Modesty a la mode

PUBLISHED : Saturday, 13 September, 2008, 12:00am
UPDATED : Saturday, 13 September, 2008, 12:00am

At a swanky shopping mall in Lahore, women murmur in admiration and desire as they sift through rack after rack of designer clothing: silk and chiffon dresses and trouser suits embellished with embroidery, crystals and sequins.

All of the 20-plus labels are Pakistani. The mall, Boulevard, was opened in December to showcase the nation's burgeoning design talent. Although it is little known outside the country, Pakistan has a fast-growing fashion industry that combines a rich craft tradition with cutting-edge designs.

'When you look at the designers and the quality of what they produce, it's quite extraordinary,' says Simon Lock, managing director of IMG Fashion Asia Pacific.

His company, which organises runway shows around the world, wants to bring Pakistani design to the global stage.

But branding the promising industry in a global market that is more likely to associate Pakistan with suicide bombers and failing governments than elegance and fashion is no easy task.

Last year, IMG Fashion scheduled the country's first ever fashion week for November. Up to 50 buyers from boutiques around the world were expected in Lahore, where scores of designers looked forward to showing their collections. But a week before the event was due to begin, then-president Pervez Musharraf called a state of emergency and fashion week was cancelled.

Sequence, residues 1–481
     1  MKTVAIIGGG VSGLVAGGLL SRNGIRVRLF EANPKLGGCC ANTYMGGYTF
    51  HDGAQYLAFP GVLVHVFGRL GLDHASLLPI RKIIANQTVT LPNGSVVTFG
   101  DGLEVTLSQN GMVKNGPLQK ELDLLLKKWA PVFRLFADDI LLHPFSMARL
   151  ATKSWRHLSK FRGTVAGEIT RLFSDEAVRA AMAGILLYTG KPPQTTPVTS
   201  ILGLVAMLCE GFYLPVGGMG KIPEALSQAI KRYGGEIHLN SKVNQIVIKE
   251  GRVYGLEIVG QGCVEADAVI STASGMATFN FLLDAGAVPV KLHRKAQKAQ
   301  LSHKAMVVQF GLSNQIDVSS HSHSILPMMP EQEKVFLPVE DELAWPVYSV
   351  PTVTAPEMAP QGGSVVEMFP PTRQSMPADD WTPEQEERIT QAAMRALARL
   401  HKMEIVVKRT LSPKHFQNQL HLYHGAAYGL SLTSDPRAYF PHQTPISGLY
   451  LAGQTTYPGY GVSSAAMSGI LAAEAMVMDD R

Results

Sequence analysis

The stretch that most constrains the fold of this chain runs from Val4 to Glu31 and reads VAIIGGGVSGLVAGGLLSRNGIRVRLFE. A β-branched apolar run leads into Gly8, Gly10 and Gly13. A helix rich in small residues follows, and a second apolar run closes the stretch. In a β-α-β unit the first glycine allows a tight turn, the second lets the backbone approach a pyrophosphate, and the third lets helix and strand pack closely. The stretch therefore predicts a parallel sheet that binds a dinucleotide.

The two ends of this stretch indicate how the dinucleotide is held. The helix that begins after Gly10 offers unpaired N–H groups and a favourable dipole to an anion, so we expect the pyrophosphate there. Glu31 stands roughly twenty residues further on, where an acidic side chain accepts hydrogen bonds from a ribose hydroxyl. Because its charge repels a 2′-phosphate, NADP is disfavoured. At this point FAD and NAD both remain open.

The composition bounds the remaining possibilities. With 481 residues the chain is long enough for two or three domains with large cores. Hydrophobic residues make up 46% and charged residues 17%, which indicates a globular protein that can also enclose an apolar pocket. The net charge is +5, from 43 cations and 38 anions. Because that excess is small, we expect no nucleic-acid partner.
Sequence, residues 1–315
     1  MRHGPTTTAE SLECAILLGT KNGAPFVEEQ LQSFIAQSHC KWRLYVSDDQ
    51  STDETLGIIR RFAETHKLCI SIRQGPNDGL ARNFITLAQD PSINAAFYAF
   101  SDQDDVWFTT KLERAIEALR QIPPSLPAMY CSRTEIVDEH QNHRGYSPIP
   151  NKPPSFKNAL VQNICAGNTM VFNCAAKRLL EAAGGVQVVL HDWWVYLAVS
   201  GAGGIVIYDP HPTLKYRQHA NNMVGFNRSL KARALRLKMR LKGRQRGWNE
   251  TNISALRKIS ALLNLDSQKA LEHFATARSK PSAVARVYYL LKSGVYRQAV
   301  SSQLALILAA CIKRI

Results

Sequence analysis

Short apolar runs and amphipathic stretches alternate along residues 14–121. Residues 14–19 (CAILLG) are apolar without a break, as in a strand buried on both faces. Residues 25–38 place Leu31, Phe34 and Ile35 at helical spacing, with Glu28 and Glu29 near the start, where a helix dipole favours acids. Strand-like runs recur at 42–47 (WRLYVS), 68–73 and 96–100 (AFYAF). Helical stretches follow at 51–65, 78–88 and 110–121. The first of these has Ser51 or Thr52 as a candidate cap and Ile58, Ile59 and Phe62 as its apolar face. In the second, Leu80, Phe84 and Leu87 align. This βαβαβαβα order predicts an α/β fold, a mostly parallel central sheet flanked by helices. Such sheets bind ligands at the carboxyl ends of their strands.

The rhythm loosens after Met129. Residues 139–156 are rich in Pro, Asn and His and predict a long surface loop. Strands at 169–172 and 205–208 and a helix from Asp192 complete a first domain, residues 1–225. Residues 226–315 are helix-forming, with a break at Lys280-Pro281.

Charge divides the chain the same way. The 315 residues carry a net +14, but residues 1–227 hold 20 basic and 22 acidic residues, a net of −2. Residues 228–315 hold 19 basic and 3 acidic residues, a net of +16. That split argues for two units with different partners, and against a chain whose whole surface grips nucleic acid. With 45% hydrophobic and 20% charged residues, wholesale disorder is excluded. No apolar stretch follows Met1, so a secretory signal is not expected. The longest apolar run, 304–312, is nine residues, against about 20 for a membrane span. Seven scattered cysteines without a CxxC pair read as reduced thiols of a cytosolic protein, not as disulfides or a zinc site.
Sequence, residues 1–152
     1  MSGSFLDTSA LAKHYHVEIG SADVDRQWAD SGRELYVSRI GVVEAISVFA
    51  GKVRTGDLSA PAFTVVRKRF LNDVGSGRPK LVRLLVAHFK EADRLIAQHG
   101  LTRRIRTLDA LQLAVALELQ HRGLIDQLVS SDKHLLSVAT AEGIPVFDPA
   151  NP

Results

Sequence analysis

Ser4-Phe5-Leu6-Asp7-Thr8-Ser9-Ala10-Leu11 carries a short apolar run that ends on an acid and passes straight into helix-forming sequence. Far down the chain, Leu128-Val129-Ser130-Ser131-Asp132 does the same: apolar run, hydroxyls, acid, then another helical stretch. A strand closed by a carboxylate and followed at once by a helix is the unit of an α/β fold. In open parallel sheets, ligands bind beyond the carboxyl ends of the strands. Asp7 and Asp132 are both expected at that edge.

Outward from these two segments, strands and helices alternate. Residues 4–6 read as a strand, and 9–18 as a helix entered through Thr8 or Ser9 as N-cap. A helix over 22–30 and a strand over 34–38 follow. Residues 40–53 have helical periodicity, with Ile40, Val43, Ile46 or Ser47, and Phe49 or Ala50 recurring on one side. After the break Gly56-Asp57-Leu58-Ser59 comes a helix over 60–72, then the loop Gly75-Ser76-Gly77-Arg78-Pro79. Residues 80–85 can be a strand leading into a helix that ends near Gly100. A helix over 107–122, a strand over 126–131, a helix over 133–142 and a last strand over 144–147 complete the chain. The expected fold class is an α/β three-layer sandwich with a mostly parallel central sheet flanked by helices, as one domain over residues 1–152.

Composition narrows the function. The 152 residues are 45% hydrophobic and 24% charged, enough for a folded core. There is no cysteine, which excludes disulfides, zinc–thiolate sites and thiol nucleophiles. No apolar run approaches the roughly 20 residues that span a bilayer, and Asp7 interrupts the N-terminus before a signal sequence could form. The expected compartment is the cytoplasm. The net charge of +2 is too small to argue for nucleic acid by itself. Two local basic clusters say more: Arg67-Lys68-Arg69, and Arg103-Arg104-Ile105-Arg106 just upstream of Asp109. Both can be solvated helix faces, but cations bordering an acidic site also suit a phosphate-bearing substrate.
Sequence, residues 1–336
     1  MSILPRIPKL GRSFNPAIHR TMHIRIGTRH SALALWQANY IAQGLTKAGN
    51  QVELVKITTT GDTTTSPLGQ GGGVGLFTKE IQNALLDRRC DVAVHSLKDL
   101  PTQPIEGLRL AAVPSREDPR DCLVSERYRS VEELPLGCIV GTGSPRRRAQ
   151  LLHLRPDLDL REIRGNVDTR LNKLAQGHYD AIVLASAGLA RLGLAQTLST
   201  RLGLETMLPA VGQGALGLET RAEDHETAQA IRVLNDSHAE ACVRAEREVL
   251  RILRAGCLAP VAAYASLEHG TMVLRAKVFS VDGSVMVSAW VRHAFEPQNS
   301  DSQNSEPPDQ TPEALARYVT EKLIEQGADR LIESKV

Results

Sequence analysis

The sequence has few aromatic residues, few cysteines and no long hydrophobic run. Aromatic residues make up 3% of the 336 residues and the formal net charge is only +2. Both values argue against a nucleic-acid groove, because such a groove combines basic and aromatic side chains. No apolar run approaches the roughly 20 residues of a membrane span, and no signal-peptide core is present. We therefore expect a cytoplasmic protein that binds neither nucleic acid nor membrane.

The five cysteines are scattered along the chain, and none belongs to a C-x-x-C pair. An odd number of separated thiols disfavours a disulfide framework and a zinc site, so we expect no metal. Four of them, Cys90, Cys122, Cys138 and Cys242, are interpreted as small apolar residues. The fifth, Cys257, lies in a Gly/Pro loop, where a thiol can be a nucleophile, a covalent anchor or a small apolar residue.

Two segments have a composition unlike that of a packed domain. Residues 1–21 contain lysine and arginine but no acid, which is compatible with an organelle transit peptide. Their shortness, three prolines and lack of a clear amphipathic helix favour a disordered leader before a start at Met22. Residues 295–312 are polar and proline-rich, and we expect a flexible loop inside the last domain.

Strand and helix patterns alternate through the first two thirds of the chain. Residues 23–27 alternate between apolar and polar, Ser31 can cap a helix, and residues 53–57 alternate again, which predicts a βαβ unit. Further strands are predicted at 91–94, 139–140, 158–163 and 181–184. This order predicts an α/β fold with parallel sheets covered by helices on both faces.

'It was a big disappointment,' says Maria Butt, one of the country's most famous and best-selling designers. 'In the past few years, since fashion has really taken off in Pakistan, we have all the professionals we need; everyone wants to be a designer. But we really need to commercialise.'

There have been big-name couturiers in Pakistan for several decades. But more recently, an unprecedented consumer boom that began under Musharraf has driven demand for ready-to-wear designer fashion. The deregulation of television media has also played its part, heightening Pakistanis' awareness of brands.

Today, although Pakistan's fashion business lacks the international profile enjoyed by that of neighbouring India, which now holds two twice-yearly fashion weeks in Mumbai and Delhi, the country boasts as many domestically famous designers, even though its population is just one-seventh the size.